Most dimension lumber is used for house framing — joists, rafters, and studs. But when you choose dimension lumber for a furniture project, it pays to sort the boards more closely than a building contractor might.
When sorting, I'm looking for the same things I look for in hardwood. Clear boards with few knots and minimal warpage. Ill pick out the best boards I can find and then, as for other furni-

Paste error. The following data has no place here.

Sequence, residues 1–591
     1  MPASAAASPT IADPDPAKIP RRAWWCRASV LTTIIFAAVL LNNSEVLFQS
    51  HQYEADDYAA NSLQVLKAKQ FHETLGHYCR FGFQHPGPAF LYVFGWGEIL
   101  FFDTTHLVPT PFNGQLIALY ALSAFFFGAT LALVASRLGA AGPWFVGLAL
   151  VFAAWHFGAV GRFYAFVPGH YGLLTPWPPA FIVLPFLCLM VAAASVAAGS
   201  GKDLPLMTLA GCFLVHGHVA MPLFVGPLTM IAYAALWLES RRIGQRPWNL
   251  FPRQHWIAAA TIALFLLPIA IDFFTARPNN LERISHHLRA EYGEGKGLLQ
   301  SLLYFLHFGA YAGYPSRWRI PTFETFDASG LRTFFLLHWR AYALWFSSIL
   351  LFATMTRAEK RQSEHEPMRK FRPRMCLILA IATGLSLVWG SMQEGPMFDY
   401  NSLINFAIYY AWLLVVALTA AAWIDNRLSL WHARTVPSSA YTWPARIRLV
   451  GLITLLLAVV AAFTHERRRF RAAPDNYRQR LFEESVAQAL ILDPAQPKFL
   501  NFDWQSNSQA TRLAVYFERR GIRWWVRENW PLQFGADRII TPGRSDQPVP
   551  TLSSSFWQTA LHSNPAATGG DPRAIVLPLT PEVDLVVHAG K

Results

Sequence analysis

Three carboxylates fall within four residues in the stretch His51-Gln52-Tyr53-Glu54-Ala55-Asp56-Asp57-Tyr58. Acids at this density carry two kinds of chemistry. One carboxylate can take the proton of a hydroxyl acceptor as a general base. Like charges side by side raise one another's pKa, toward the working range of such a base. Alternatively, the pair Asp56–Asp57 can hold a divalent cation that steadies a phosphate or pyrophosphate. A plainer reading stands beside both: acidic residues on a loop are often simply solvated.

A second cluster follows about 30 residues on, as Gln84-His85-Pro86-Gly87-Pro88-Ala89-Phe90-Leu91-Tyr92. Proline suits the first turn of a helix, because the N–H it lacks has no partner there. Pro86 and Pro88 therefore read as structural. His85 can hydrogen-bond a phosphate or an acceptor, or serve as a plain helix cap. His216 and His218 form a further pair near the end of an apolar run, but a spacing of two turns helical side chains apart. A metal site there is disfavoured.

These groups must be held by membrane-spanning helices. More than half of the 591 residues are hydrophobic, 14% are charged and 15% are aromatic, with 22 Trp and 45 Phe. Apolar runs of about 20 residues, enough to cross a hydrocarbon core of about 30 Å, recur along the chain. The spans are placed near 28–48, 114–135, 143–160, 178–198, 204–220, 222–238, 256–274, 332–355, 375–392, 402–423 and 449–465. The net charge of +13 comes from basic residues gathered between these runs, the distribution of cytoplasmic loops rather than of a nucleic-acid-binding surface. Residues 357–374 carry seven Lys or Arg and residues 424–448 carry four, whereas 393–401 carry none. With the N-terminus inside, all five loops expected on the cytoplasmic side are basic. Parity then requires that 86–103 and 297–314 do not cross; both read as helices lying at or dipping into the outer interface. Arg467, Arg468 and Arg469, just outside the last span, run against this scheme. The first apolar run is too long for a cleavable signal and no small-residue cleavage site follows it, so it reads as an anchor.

j ects, buy a couple more than called for in the plans. (To allow for waste when cutting around knots and cracks.)
After getting the wood backto the shop, there's the matter of moisture content Here in Iowa, dimension lumber is dried to a moisture content of about 20%.
This is a higher moisture content than I want when building furniture (12% or less). So what I like to do is to take the time and let the wood dry a bit morebe-fore making any cuts.
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